The first time I applied to be a NASA astronaut I was turned down, because I hadn’t been trained as a test pilot. But I was determined and applied again. This time my jet fighter experience and NASA’s interest in my space rendezvous technique influenced them to accept me in the third group of astronauts. There I became known by my peers as Dr Rendezvous. A very clever NASA engineer figured out that if we used four specialised spacecraft we could land on the moon. A command module, a service module that would remain in orbit around the moon and an ascent and descent lunar module to land and later rendezvous with the command & service module.
This all meant that the lunar landers motor didn’t have to be so big and could be left on the lunar surface. This is where my MIT studies really paid off. The critical part of this process would be the ability to rendezvous from the surface with the two spacecraft in orbit about the moon. This was such a critical step because without it there would be no way to rescues the men left stranded on the moon. Luckily my MIT work was exactly what was needed.
Mercury was the first stage of the space programme, followed by the Gemini programme used to fill the gap as the rockets were being developed for the Apollo programme. Gemini was an integral part of our training that helped us how to do spacewalks and other computer things. As an avid scuba diver, I was the first astronaut to train underwater to simulate the weightlessness of space.
During my first space flight as pilot of Gemini 12, I was able to set a world record of 5 ½ hours of space walking while circling the globe every 90 minutes at a speed of 17,000 miles per hour. What a sight to behold the earth below while floating outside the capsule. After 5 days in Orbit Jim Lovell and I returned to earth having completed the final mission in the Gemini programme.
It was November 1966 and we only had three years left to accomplish Kennedy’s challenge of landing a man on the Moon by the end of the decade. Gemini had prepared us for Apollo missions, but we still had a lot of work to do. In all there was a team of over 400,000 people working together on a common dream. The engineers and technicians who were designing and building a Saturn 5 rocket; scientists aerospace industry contractors, NASA administrators and even the seamstress that sewed our space suites. It took a united effort to accomplish everything that was needed.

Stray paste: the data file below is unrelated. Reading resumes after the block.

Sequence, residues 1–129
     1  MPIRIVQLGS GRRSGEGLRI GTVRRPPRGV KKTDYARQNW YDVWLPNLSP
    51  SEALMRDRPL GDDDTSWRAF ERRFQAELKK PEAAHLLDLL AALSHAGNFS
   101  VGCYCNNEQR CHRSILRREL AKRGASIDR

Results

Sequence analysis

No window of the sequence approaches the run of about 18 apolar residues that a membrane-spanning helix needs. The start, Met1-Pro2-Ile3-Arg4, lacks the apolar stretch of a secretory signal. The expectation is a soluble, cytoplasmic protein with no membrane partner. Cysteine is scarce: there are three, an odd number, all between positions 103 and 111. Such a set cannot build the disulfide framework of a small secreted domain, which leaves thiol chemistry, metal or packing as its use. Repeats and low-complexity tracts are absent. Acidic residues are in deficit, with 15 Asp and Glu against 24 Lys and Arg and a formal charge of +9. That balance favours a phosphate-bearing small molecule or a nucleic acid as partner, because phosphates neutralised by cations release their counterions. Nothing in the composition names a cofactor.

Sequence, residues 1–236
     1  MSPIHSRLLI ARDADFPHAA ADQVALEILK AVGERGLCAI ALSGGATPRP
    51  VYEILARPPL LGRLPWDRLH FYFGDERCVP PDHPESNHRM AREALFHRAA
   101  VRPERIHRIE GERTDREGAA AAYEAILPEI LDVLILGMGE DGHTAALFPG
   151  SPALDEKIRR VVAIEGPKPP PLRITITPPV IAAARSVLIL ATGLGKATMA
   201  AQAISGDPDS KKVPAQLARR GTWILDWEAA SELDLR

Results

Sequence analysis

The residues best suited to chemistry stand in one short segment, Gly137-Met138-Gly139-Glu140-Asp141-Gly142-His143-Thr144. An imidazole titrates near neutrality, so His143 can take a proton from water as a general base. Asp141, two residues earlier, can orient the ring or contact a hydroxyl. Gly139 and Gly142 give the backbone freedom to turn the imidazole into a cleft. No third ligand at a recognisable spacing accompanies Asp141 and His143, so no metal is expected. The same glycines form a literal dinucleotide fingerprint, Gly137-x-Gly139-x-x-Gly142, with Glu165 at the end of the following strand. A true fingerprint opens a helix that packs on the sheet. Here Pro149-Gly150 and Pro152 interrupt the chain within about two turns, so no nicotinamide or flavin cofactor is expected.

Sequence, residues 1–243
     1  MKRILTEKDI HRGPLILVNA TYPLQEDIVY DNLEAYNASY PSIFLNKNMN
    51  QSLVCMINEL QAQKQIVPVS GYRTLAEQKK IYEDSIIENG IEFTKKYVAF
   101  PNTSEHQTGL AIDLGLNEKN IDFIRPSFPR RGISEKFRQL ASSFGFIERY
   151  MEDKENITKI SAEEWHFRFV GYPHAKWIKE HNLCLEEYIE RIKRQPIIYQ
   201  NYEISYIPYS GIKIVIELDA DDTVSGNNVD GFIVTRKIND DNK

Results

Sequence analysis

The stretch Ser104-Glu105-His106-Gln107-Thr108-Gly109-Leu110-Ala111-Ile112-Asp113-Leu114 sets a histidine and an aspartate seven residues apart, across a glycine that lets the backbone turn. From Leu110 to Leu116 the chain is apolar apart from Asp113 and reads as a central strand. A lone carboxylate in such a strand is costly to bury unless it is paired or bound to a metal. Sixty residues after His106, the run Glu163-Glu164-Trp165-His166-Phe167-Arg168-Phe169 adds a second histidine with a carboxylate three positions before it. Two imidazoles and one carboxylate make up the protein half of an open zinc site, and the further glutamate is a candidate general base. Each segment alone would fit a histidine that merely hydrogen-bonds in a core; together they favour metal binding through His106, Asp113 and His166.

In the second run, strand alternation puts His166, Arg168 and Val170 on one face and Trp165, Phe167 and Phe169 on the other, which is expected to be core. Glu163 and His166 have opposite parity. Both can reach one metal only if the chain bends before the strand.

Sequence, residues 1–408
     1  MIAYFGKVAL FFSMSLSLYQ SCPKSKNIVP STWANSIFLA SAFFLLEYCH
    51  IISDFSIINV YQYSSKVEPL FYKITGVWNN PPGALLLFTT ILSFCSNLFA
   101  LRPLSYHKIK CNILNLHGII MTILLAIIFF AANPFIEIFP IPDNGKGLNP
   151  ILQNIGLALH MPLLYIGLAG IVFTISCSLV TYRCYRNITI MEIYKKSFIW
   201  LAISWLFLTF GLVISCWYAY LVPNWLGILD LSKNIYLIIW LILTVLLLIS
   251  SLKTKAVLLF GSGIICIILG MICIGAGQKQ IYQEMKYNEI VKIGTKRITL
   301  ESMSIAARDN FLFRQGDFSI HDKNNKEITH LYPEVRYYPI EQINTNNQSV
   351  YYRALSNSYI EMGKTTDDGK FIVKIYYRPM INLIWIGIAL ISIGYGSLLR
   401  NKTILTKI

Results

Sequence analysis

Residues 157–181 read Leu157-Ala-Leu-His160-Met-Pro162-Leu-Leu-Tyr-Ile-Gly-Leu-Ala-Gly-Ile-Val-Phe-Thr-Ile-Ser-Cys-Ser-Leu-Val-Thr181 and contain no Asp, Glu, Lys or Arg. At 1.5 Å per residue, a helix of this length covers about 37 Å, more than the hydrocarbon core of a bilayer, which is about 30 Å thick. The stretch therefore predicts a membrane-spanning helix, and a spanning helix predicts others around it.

At last we reached the day when the Saturn 5 rocket was first rolled out the vehicle assembly building on its way to the launch pad. The timing of crew rotation was just right for Neil Armstrong, Michael Collins and then me to be chosen as the crew for this mission. So on July 16th 1969 our launch date finally arrived.
We took the elevator up the gantry where the 360 foot tall rocket stood magnificently as the countdown progressed. Due to the seating order I was the last to board the command module. While Neil and Mike to the elevator to the top to board the spacecraft, I stood two flights down alone on the gantry holding my air condition unit. I could see the sun rise over the wave of Coco beach and I thought back how wonderful my life had been up to this point and how many things that had worked out along the way to put me in the right place at the right time.
At 9.32am the engines ignited and roared into life with over 7 million pounds of thrust to lit over 3000 tons of spacecraft, fuel, equipment and three astronauts.
As we cleared the gantry and rocketed skywards we were pressed into our seats as the rapid acceleration of the rocket increased our body weight. Within three minutes we were 45 miles high and now experiencing 4G travelling at nearly 65,000 miles per hour. A minute later we passed the 62 mile boundary where the sky becomes blue and it becomes the blackness of space.
By 12 minutes after launch we were travelling at over 17,000 miles per hour, the speed required to have us orbit the earth. For three hours we orbited our home as we ran through the checklist ensuring everything was working. Then we fired the engine and accelerated us to 25,000 miles per hour on a trajectory bound to the moon. On the 8 day round trip journey the three of us lived in a spacecraft about the size of the standard automobile interior.
On day three, we fired our engine to slow us down enough for the Moon’s gravity to pick us up and take us into lunar orbit. Another tricky engine burn put us in the right orbit for landing on the other side of the orbit. We had estimated a 60% chance of landing successfully. But you can always abort so we had a 90% change of landing successfully. I kind of liked that 95% chance!
13 orbits later on the morning of Sunday July 20th 1969, Neil and I entered the command module of the lunar landing craft that we had named the Eagle. We separated from the command module the Columbia where Michael Collins remained. Piloting our powered descent to the Moon’s sea of tranquillity was the most complicated and critical aspect of the whole mission as we descended we saw that our landing site was full boulders. So we continued manoeuvring until we found a safe area to land. This expended a little more fuel and when we landed we had 15 seconds of fuel left. After 11 intense minutes of descent. Neil spoke the words “Tranquillity base here the Eagle has landed”.
There’s been much discussion over the last 40 years about why Neil was the first to step on the surface. It could be because he was the mission commander and in our armed services leaders are always in front of their men. It could also be because he was closer to the door. I’ll never tell which.